DRM and Purchasing Habits

I talked yesterday about a soft paternalism that Amazon is using to encourage people to use their Kindle device for more things that just reading books. As I mentioned before, the Kindle is so extraordinarily good at displaying text, and making it pleasant to read, I’m all good with this being a single tasker – rather like a really good kitchen knife. I don’t need a corkscrew on my chef’s knife, after all.

If I could only read that book on a Kindle and nothing else forever, I’d be pretty ticked off and would be unlikely to buy the book. Even so, when I am looking for titles, I’ll go to other publishers (like Baen) first to see if that title has been released in a non-DRM protected format first. That’s the copy I’ll buy. My husband has a Kindle, too, and we don’t like to make the reading experience totally account-specific. If I buy a book for the household, after all, everyone can read it! Yes, I know that some authors and publishers allow for lending a book for a couple of weeks. While I’m all good with not being able to access the content while the book is “leant”—I couldn’t if it were a dead tree title, after all—many of the restrictions, and the paucity of publishers that allow this make this a really unsatisfactory solution. I think that there should be some option for a family account. Do like many software company and go for maybe five or so users to be on the license.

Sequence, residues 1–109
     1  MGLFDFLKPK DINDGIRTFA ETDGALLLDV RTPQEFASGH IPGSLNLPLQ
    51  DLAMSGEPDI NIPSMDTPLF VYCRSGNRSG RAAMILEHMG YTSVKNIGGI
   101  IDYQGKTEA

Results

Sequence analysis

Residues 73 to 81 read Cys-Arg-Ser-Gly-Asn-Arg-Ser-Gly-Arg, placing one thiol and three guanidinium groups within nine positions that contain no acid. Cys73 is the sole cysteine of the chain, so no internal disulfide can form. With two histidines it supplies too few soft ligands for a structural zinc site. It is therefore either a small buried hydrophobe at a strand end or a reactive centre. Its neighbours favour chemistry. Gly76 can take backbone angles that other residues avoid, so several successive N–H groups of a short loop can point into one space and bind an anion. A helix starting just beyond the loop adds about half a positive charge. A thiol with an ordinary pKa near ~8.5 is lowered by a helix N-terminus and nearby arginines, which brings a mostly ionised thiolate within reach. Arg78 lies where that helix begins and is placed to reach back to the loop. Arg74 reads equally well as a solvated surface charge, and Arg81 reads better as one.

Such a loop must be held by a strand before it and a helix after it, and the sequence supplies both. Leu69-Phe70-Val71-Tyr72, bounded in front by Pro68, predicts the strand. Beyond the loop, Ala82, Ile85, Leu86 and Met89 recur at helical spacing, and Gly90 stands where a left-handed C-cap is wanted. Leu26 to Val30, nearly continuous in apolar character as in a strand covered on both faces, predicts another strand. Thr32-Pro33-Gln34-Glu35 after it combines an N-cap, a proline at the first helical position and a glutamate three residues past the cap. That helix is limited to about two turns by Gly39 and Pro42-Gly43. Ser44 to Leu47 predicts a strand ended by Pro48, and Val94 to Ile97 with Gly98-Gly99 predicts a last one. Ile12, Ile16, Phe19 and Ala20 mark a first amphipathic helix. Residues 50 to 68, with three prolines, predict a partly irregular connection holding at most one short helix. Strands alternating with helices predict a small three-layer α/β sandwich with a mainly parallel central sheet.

The funny part is that Amazon got it right when it came to music! You pay a buck for a song, just like iTunes, but the song is non-DRM protected, so you can play it on any device that suits your fancy. And it only costs a buck. iTunes charges extra for non-DRM music, IIRC.

In my case, it makes for more sales.

One Reply to “DRM and Purchasing Habits”

  1. I totally get understand not rewarding retailers who DRM. But when all else fails another option is to remove the drm from whatever you purchase …

    I was unwilling to buy any device until I figured out how to make sure any book I purchased stayed mine, long after the demise of the original device.

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